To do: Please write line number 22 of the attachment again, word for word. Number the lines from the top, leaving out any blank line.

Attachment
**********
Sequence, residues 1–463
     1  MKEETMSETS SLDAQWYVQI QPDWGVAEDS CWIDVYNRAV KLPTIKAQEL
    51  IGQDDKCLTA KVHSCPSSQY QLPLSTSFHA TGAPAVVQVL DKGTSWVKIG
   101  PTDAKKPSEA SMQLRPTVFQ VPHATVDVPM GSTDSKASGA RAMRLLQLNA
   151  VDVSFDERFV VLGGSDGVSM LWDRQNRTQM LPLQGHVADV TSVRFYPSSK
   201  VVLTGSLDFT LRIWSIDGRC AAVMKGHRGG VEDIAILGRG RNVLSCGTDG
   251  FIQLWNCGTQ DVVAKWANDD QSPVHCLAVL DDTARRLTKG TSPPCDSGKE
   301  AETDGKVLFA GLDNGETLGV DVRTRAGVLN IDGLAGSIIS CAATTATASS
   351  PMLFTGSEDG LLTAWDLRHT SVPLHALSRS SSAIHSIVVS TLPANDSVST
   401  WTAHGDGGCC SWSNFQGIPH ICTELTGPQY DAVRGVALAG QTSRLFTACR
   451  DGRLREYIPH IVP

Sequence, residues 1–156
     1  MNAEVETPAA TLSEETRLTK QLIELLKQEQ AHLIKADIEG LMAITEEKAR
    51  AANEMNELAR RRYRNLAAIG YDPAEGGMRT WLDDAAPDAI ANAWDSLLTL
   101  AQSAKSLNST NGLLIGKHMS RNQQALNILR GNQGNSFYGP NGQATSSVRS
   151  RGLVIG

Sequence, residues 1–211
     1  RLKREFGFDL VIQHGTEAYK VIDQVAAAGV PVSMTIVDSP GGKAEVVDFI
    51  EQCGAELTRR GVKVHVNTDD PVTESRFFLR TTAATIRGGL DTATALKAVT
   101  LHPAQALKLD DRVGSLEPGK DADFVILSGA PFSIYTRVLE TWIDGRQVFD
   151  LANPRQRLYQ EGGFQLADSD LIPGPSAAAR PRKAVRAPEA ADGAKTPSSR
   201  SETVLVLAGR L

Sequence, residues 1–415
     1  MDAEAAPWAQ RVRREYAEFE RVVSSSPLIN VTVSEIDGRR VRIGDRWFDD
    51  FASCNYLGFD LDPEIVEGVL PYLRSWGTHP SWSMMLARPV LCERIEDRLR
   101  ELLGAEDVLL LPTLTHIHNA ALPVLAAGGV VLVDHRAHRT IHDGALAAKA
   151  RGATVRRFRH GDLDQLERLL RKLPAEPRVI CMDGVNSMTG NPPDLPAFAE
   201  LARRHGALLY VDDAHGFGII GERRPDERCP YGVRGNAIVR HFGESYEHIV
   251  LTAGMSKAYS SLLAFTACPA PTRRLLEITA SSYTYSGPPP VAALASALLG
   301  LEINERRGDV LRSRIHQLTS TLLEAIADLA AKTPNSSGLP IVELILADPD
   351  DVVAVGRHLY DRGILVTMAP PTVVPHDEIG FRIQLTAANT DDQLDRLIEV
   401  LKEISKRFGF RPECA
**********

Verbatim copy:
   201  SETVLVLAGR L